Tennessee teenager wins spot in Governor's Turkey Hunt

Heading home - Addy York, center, won an essay contest to participate in the Governor's Turkey Hunt in El Dorado. Her guide was Noel Pile, right. Her father, A.Y. often takes her hunting near their Tennessee home.
Heading home - Addy York, center, won an essay contest to participate in the Governor's Turkey Hunt in El Dorado. Her guide was Noel Pile, right. Her father, A.Y. often takes her hunting near their Tennessee home. Michael Pearce

BUTLER COUNTY — Addy York paused but a split-second before attacking a towering creekbank in Saturday's pre-dawn darkness.

Grabbing fistsfuls of leaves, dirt, tree roots and brush, the girl pushed and pulled her 4-foot-something frame to the top in less time than it takes to tell.

"I swear that young'un's been in four-wheel-drive since she was born," said her father, A. Y. York, as he held her hunting equipment.

Addy York was in El Dorado because she'd won a national writing contest for a place in the Governor's Turkey Hunt.

The bluff she scaled Saturday was a tiny pimple compared to some of life's mountain's the Cookeville, Tenn., girl has conquered in her 17 years.

At birth, the girl's spine was so misshapen her shoulder and heels were almost touching.

Her first hour of life saw her first surgery, as an exit for her bowels was created. Thirteen spinal surgeries followed.

Her torso is twisted several inches but there's never been anything wrong with her mind and legs.

"I have the gumption I can do anything," she said during a break in the hunt. "If I put my mind to it I can do anything."

To that her parents can attest.

Despite frequent surgeries, she was walking barely past 1 year old. Her father tells of a few months later when Addy decided to climb the family Christmas tree.

"She rode her down when it fell and just kinda rolled out from under it and was off again," he said. "She was always on the go. For everything that young'un went through it's pretty surprising what she's done."

Living in the Tennessee hills, he and his wife Audrey taught their daughter the importance of self-reliance and family helping family.

A.Y. York also instilled a love for the outdoors. His oldest child was still in diapers and drinking from a bottle when he began taking her to the woods.

When Addy began walking, she began tagging along on hunts. She was 10 when she shot her first of five deer, and has killed four turkeys plus assorted doves and squirrels.

She made a perfect between-the-eyes shot on a big wild hog that had chased three friends up trees.

She loves hunting enough to miss her junior prom to come to Kansas.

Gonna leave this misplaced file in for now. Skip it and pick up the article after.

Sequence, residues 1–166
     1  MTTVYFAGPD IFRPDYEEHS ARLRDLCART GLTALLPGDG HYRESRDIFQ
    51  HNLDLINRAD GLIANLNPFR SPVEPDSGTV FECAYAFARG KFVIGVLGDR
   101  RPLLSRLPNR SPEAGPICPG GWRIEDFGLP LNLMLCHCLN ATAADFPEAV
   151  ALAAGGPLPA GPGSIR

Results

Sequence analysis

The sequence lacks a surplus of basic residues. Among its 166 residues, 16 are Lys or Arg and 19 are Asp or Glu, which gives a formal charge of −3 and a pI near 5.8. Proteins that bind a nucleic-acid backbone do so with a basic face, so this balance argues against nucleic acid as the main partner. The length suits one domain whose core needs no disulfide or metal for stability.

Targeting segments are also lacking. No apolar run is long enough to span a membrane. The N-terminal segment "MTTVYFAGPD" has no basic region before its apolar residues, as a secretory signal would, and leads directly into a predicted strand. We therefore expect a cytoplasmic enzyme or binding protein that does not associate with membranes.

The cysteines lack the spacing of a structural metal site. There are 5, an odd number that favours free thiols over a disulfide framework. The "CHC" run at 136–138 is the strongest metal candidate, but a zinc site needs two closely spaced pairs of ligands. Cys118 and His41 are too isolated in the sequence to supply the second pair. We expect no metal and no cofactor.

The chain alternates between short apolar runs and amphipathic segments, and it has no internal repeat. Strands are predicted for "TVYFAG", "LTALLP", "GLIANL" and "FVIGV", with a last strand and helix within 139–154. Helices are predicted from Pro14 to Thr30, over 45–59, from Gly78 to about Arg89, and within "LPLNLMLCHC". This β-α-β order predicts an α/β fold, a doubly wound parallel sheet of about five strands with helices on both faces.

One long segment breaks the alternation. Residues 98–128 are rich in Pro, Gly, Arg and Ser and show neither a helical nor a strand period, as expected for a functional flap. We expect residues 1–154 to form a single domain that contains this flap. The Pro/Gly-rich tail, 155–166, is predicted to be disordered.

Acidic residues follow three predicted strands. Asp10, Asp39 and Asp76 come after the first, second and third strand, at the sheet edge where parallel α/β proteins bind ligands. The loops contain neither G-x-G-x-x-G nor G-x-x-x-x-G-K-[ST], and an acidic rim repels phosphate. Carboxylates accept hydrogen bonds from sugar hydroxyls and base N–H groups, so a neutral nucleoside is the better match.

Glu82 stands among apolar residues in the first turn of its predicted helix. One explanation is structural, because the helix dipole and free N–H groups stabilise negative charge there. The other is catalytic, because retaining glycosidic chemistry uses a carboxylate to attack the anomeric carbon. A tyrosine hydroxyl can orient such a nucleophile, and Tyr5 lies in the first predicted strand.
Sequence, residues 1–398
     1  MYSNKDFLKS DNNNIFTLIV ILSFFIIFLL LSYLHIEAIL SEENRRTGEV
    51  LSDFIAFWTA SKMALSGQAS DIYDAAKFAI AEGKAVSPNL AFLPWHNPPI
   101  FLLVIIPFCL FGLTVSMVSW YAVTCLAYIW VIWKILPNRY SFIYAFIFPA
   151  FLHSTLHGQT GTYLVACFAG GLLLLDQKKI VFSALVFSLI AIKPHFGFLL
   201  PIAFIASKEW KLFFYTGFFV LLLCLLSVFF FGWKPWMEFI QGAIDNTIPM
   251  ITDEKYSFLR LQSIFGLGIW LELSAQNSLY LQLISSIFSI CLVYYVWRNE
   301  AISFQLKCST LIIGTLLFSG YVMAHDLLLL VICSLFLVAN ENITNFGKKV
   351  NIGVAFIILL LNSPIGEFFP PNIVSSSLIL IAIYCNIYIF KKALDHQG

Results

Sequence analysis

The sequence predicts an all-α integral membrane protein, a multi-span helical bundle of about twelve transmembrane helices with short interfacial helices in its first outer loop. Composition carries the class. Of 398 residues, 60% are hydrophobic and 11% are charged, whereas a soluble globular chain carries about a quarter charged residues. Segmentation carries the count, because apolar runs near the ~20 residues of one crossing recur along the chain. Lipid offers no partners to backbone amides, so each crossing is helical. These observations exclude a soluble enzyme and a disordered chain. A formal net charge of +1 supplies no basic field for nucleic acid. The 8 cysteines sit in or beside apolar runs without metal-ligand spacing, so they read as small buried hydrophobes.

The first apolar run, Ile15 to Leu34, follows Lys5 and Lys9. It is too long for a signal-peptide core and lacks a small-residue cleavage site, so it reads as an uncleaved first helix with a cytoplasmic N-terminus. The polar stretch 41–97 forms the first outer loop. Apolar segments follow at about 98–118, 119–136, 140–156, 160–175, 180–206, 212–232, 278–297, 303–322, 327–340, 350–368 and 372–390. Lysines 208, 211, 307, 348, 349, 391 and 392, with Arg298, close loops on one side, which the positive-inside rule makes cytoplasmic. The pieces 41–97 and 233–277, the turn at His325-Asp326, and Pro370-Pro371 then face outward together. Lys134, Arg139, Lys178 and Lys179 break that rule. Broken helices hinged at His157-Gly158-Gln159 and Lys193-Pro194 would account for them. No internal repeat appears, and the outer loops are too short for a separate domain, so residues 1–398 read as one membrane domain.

At the urging of a high school teacher, she entered a writing contest sponsored by the National Wild Turkey Federation's youth program.

Mark Elliott, a regular member of the Governor's Hunt, paid for the Yorks' trip. It was the girl's first time to fly.

Joel Pile of Rose Hill guided the pair Friday and Saturday on properties he'd regularly scouted since mid-February.

In Friday morning's rain, they sat in portable hunting blinds as A.Y. York worked his calls. Turkeys were plentiful. Tom turkeys were not.

Both morning and afternoon, hens and yearling jakes came to calls and decoys. The girl held her fire hoping to take a big tom.

Well before Saturday's dawn she made the half-mile walk to a broad field where they set the blinds, placed a tom decoy, watched a gorgeous sunrise and listened to dozens of gobbles.

Eventually three turkeys came into range. All were jakes and she didn't shoot. She and Pile then agreed the next male turkey, no matter how old or big, would be taken.

But it didn't happen.

At the next spot a flock of toms passed within sight but not within range. Pile's hottest location fizzled and the hunt ended.

She hopes to hunt more near home in coming months. Bigger things are on her horizon.

"I want to go hunt elk and after that I want to go hunt moose," she said. "I'm not sure what I'll go for after that."

A.Y. York said his daughter will probably find those wanting to help her reach her hunting goals.

With lively eyes, a contagious smile and southern drawl so thick and sweet it could almost be spread on a biscuit, the girl makes friends with other hunters quickly.

"Whoever she meets usually just takes right up with her," A.Y. York said. "All she has to say is 'I want' or 'I'd like to' and it's a done deal. She's got a way about her, that's for sure."

And she has a lot more of life's mountains to climb.

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